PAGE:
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Gardening Quote: Thomas Jefferson

September 13th, 2009

In 1793, Martha Randolph wrote her father from Monticello and complained of insect damage in the garden. Jefferson’s response summarized a basic philosophy of gardening:

“We will try this winter to cover our garden with a heavy coating of manure. When earth is rich it bids defiance to droughts, yields in abundance, and of the best quality. I suspect that the insects which have harassed you have been encouraged by the feebleness of your plants; and that has been produced by the lean state of the soil. We will attack them another year with joint efforts.”
I love this quote! He was a true gardener, growing the soil. This is exactly what I try to do here at Chiot’s Run, I try to build good soil so I can grow healthy plants and pretty much let nature run it’s course after that.

How do you handle pest problems?

8 Comments to “Gardening Quote: Thomas Jefferson”
  1. Helen at Toronto Gardens on September 13, 2009 at 7:35 am

    In my little patch, pests fall prey to the mighty pinching fingers and stamping foot. I also spend some time flinging, which works for snails and slugs.
    .-= Helen at Toronto Gardens´s last blog ..Flowers for the day =-.

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  2. Daphne on September 13, 2009 at 8:12 am

    It depends upon the pest. Mostly I let nature take care of things. This spring we had a great influx of aphids. Then I started seeing more ladybugs and lacewing eggs. I ended up with a lot of the good guys and the aphids slowly disappeared. I do pick off certain insects however. Cucumber beetles and slugs are often hunted down and killed. I will also kill any squash vine borers I see. I think this is more out of spite than actually thinking I can control them. I no longer grow winter squash except C. moschata which is resistant to them. I’m sad to not be able to grow pumpkins, but at least you don’t see me sobbing over dead vines in August.
    .-= Daphne´s last blog ..Applesauce =-.

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  3. tj on September 13, 2009 at 12:42 pm

    …That is so true! :o)

    …I many times will walk around with a small jar filled with soapy water and pick and plop nasty insects right into their sudsy demise…*insert sinister laughter here*…lol ;o)


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  4. Dave on September 13, 2009 at 12:56 pm

    With those worms I stick the bag with a pole then twist like cotton candy. Then dispose of them in a bucket of soapy water. I’ve used a homemade pepper spray on occasion. It seems to work on nearly anything.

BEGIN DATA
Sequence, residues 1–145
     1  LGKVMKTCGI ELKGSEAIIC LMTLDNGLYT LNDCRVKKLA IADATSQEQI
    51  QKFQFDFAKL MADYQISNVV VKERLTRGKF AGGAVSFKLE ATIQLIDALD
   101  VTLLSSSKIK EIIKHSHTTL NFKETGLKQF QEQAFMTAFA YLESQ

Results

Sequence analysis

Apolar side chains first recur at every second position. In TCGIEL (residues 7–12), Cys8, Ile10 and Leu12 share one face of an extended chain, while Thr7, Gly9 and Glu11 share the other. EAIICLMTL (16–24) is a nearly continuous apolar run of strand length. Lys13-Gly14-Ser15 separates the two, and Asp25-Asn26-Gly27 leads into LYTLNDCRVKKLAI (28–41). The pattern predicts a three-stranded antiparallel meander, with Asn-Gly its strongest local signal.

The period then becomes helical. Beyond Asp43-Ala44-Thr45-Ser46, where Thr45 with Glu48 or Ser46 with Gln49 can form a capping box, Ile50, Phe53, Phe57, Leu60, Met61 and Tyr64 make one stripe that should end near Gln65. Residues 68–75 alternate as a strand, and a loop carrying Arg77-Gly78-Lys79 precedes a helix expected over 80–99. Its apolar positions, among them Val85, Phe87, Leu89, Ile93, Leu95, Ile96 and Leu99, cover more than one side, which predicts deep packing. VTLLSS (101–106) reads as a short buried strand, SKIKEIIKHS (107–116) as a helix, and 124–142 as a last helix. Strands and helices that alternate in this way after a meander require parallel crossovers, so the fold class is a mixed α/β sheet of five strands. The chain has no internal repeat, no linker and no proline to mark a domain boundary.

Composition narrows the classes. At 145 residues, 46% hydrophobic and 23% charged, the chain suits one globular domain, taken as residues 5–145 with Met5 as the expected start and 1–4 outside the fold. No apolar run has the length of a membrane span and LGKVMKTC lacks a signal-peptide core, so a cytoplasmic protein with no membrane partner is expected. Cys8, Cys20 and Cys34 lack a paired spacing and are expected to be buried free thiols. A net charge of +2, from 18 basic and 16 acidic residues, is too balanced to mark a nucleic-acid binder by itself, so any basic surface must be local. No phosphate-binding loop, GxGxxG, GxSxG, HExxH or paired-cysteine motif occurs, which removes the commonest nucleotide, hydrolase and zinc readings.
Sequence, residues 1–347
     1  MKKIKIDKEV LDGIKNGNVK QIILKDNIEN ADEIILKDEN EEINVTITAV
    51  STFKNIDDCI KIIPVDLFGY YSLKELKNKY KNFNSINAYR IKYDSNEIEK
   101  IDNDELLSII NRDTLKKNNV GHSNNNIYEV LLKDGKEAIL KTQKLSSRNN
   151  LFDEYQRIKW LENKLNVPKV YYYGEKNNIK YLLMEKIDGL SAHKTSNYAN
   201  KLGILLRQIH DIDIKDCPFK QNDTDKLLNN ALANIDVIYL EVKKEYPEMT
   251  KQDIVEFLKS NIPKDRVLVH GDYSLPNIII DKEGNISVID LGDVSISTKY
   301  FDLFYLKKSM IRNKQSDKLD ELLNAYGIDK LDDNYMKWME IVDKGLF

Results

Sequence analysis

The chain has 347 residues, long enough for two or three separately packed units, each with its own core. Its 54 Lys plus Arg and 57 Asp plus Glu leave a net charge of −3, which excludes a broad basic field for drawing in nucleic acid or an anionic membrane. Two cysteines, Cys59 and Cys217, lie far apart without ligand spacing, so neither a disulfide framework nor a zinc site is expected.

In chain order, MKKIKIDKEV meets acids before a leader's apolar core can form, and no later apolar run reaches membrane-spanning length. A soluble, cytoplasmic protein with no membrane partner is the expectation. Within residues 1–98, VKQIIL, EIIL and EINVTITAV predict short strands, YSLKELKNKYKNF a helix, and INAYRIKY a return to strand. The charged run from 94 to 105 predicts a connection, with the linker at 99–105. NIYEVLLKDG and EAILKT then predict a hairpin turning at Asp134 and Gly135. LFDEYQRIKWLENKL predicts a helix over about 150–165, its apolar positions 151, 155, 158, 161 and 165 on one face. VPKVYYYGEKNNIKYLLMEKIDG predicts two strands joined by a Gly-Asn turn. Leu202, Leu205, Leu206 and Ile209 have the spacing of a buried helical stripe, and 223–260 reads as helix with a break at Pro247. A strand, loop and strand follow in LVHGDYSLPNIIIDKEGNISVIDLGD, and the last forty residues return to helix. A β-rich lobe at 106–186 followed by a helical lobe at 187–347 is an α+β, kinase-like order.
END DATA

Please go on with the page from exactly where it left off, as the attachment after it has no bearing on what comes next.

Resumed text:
.-= Dave´s last blog ..Greenhouse and Shed Project: Digging for Drainage =-.

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  5. MAYBELLINE on September 14, 2009 at 12:22 am

    I’m with you on the healthy soil.
    Do you have any suggestions on how to eliminate cockroaches from a vegetable bed?
    .-= MAYBELLINE´s last blog ..Wasco Rose Festival =-.

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  6. ruralrose on September 14, 2009 at 1:22 am

    i used to have these on all the fruit trees in this old orchard, every season i would go out with a big stick and disturb the nest, it has been 4 years now and not a nest, wish all pests were this easy to get rid of – peace for all
    p.s. my chickens live in my orchard and they are also very good at eating bugs!

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  7. warren on September 14, 2009 at 9:59 am

    My grand-pappy taught me to handle those rotten worms with a propane torch attached to a long pole…it’s not toooo dangerous….
    .-= warren´s last blog ..Now I am experienced =-.

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  8. June on September 14, 2009 at 2:44 pm

    Not only do I agree with the philosophy — strong soil, strong plants — but I am struck by the unity of purpose coursing between Jefferson and his daughter: There is a problem in the garden, and they will address it together in another year. What true gardener doesn’t look upon present disorder in the garden by plotting out a better way, then looking forward to the time it can be accomplished at last?

    Our best tactic against garden pests is chopsticks. They pinch up slugs and snails like nothing else.
    .-= June´s last blog ..Savoring the harvest: Sungold tomato nuggets =-.

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This is a daily journal of my efforts to cultivate a more simple life, through local eating, gardening and so many other things. We used to live in a small suburban neighborhood Ohio but moved to 153 acres in Liberty, Maine in 2012.

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